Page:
"But they'll be able to get Radio China - that is wrong," Senator Xenophon said.

Nationals senator Bridget McKenzie lashed out at the ABC's "short-sighted" decision, insisting it had not provided credible evidence as to why the decision was made.

"The ABC has effectively abandoned huge areas of the Northern Territory."

Labor senator for the Northern Territory Malarndirri McCarthy pleaded with the ABC to reverse its "mistake", insisting it had left Australians in remote communities completely isolated and suffering.

"It is absolutely dire."


Let Cook and Macquarie stand: Grant and Taylor are wrong

KEITH WINDSCHUTTLE gives us the history that Leftists can't be bothered to check.  It's much more honourable than they assume

On Monday, Andrew Taylor of The Sydney Morning Herald approached the University of Sydney’s public relations department on an information fishing expedition. He said he’d been thinking about the removal of Confederate monuments in the US and wondered if there were any Australian targets that might deserve the same treatment. He asked the PR people to pass on to the univer­sity’s experts in Australian history the following questions:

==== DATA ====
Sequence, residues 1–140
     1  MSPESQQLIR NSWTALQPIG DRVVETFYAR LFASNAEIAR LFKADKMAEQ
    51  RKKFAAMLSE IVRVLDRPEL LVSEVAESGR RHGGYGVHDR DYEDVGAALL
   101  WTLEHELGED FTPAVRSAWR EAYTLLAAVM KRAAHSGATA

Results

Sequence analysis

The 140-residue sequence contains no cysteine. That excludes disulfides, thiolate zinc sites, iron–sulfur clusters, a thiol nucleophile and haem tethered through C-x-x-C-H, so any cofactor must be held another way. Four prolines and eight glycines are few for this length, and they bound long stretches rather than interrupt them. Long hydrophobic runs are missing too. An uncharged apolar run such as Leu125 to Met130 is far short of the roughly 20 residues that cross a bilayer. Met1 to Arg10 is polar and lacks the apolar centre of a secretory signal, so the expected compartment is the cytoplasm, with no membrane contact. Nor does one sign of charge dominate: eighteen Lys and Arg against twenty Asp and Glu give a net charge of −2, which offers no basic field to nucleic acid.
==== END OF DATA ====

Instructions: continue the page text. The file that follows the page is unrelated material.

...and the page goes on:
*  Who are the most egregious historical figures in Sydney who have been celebrated with statues, monuments, place names in your opinion?

 *  There are statues, streets, a university and place names dedicated to Governor (Lachlan) Macquarie, who ordered massacres of indigenous people. Should he be commemorated in this way?

 *  Are there monuments to historical figures elsewhere in Australia who have had a similar role in historical injustices?

 *  The inscription on Governor Macquarie’s statue in Hyde Park reads: “He was a perfect gentleman, a Christian and supreme legislator of the human heart.” What do you think of this?

 *  Plaques of Rolf Harris have been removed in WA. Should monuments to Macquarie, Captain Cook, etc be removed or explanatory notes added?

 *  Why isn’t there the same acknowledgment of figures in Australian history who played a role in slavery, killings and land removal as there is in the US?

Taylor’s leading questions were clearly more those of an agent provocateur than that of the “Independent, Always” reporter the Herald proclaims on its masthead. He obviously was hoping to provide fodder for the emergence of a local activist campaign to emulate that in Charlottesville, Virginia, where, amid scenes of street violence that left one woman dead, officials removed the statue of Confederate general Robert E. Lee, and in Baltimore, Maryland, where, on one night earlier this month, city authorities removed four Confederate statues commemorating the US civil war.